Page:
Forty thousand people standing and screaming have only seen this kind of party in other cities, so they’re not going anywhere. Not anytime soon.
Fireworks explode over the scoreboard. Fans jump over the railing, onto the field, and are still smiling even as they’re led off the field in handcuffs. At least one of the cops may have been smiling, too.
The Royals will play in the World Series. Saying or hearing or reading those words will send chills down the arms of fans across Kansas City and beyond. This is the kind of thing that always happens somewhere else. Not Kansas City, where they tailgate hard because they know that might be the best part of the day.
The franchise once defined by a manager saying it can always get worse is now, somehow, America’s team and the greatest story in sports. They are the last team standing in the American League and the betting favorite to win the whole thing. In the stands and even in the clubhouse, over and over, you hear grown men ask each other if this is real life.
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This American League playoff race was supposed to be decided by the Oakland A’s trading for Jon Lester or the Detroit Tigers getting David Price. Instead, it’s been won by a group of friends that believe in each other, run like hell and play the best defense baseball has seen in quite some time. Together, they ended the longest playoff drought in North American sports and have now pushed the fairy tale all the way to the World Series for the first time since 1985.
Honestly, how many people would have called it good after the Wild Card Game?
“This is better than ’85,” says Art Stewart, who has been here longer than anyone else in baseball operations.
Officials pulled the man who built it all from his suite an inning early to make sure he could join the celebration, so Dayton Moore watched the final outs on a small TV screen in the batting cages behind the Royals’ dugout. He watched as Greg Holland got the last batter to roll over on a slider, a harmless grounder to Mike Moustakas, who threw the ball across the diamond and leaped in the air before his friend Eric Hosmer caught it and made official a 2-1 win and a sweep of the Orioles in the American League Championship Series.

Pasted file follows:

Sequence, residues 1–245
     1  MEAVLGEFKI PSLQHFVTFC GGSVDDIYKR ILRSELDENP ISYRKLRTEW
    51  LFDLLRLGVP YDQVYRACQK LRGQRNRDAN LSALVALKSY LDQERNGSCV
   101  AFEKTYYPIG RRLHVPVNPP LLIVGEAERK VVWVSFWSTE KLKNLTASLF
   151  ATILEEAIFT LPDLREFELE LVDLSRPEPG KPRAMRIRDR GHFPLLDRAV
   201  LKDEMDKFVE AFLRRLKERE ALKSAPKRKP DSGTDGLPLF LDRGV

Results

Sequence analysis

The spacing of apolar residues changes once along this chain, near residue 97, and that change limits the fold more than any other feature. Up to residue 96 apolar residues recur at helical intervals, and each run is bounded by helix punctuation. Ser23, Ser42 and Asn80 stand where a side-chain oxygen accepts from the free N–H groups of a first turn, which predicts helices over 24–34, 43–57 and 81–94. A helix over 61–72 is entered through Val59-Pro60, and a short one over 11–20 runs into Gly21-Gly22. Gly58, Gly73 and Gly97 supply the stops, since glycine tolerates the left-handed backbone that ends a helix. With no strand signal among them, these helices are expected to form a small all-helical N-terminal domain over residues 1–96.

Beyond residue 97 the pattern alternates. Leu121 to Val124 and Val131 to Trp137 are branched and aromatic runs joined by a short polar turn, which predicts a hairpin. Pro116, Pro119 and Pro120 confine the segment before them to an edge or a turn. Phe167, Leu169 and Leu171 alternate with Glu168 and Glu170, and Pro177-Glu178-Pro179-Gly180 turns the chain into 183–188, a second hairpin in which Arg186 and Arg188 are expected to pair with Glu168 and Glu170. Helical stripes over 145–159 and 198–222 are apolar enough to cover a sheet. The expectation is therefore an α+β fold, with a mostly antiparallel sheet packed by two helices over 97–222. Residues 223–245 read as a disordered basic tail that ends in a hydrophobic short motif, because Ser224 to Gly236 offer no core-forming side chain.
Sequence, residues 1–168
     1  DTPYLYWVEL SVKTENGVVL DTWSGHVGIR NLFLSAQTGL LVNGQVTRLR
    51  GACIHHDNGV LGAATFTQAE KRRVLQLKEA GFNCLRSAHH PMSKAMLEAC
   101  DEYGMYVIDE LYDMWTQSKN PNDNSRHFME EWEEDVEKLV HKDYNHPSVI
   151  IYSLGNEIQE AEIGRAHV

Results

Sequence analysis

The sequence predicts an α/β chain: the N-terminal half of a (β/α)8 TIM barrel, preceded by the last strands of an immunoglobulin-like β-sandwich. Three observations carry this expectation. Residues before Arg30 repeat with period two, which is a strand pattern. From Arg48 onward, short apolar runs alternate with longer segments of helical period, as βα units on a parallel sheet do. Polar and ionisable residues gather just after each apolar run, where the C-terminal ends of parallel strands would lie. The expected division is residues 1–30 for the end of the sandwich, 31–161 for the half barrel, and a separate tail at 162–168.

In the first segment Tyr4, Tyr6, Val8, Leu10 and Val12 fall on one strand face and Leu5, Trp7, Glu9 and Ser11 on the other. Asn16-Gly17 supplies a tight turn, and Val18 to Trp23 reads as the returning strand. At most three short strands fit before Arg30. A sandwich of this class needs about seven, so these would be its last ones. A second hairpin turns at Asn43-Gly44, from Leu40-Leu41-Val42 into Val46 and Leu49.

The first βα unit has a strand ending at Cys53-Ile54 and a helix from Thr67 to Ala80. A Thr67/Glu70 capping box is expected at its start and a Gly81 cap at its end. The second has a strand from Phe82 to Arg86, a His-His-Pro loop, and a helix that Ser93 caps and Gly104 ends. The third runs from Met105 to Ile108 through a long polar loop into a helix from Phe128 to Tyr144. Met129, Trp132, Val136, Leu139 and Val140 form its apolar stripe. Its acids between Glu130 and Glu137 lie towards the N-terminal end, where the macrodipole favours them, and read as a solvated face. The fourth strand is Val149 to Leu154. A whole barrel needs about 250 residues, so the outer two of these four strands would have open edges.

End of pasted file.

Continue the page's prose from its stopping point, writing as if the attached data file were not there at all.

Moore pumped his fist, hugged some friends and went out to the field, where the noise rained down on him. He came here eight years ago against the advice of some of his most trusted mentors. They told him he’d never win in Kansas City. He’d turned down better jobs, but the Royals were his boyhood team, as he likes to say, and he wanted to take on what he thought of as the greatest challenge in professional sports.
When he got here, he talked about a parade route. They’d go through the Country Club Plaza. He had no idea it would take this long to get within four wins of making that happen. There have been times he had no idea if he’d ever get this far, period.
“I don’t even know why I said that, but I did,” Moore says now. “I was stupid, and naive. But this, this is incredible.”
Part of that is the movie-script way this season has played out. They were bad enough in May that they fired the hitting coach. Demoted their third baseman. Got swept by the Houston Astros, which some inside the organization still mark as the season’s low point. Look at them now: Salvador Perez leading his friends and teammates in a victory lap around the stadium, in front of the seats in the outfield that didn’t even exist when the team started building toward this moment.
But so much of the joy is that they’ve done this here, in Kansas City, where this is appreciated and celebrated in a way that perhaps no other place in baseball could. Celebrations run hotter and harder when fueled by a generation of pain.